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An Unwilling Party

How Craig Dilger defended the University of Louisville against furious fans

Published in 2022 Kentucky Super Lawyers Magazine

When a group of angry fans sued the NCAA over the loss of the University of Louisville men’s 2013 basketball championship title—and pulled the U of L into the lawsuit—Craig Dilger, repping for the university, had to strike a delicate balance.

The team had been stripped of its title—and all 123 wins from 2011 to 2014—after a woman alleged that a former U of L staffer had paid her escort service to perform striptease dances and sexual acts for prospective and former basketball players from 2010 to 2014. The NCAA eventually deemed those players ineligible. It was the first time in modern basketball history that the men’s Division I championship had been vacated.

Initially, the university appealed the decision, but complied after the NCAA upheld its ruling. “It wasn’t that the university wasn’t upset about losing the championship,” Dilger says, “but they had to be conscious of the fact that any further sort of grinding was not going to be good for them.”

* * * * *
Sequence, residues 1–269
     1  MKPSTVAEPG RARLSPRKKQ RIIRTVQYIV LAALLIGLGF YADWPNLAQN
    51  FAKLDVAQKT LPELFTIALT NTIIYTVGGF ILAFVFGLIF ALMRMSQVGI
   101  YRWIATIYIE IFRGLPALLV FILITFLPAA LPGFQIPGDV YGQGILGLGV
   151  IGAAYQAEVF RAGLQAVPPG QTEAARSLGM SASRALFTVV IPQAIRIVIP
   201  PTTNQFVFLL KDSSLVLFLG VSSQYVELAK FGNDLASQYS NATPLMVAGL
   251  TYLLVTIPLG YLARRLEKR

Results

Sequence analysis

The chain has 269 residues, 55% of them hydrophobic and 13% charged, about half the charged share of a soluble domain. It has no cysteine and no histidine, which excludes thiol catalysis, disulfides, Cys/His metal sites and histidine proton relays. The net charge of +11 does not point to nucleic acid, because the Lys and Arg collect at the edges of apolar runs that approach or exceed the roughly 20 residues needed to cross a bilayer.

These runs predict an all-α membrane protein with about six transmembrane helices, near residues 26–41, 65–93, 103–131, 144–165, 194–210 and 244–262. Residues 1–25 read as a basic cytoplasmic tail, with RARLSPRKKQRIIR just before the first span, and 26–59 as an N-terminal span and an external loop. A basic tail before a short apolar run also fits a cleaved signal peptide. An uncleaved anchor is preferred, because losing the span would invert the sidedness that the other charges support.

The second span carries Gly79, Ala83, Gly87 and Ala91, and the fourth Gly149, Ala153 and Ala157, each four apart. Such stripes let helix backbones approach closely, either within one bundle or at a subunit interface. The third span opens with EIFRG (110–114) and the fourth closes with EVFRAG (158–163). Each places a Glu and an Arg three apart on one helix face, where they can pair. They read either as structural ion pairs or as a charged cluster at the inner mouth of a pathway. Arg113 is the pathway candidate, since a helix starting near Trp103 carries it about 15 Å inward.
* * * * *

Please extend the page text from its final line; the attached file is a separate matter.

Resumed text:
Soon after, though, rumblings were heard from a group of fans, the University of Louisville Protection and Advocacy Coalition, which in 2018 named the university as a party to its lawsuit. 

“They filed the lawsuit and tried to get it certified as a class action,” Dilger says. “And, mistakenly in my mind, [they] named the university on both sides of the v, which is just not really feasible. I mean, you can’t be a plaintiff and a defendant.” 

But Dilger had to be careful when drafting motions and briefs. “We were only focusing on the legal issues,” he says, “with little to no comment that would further inflame the fan base.

“Ultimately, what we decided to do was focus all of our energy on a particular legal principle that seemed to not be offensive to anyone—which was that the university could not be added to the lawsuit as an unwilling party.”

It worked; the case was dismissed in October 2018. “We won on that procedural rule, but we got to the procedural rule largely because we had to throw out a lot of the things that we would normally fight,” Dilger says. “At the end of the day, I think the fans looked at that and said, ‘We really want the championship back, but, yeah, we get it.’ You can’t just add the university to whatever kind of lawsuit you want and force them to be a party.”

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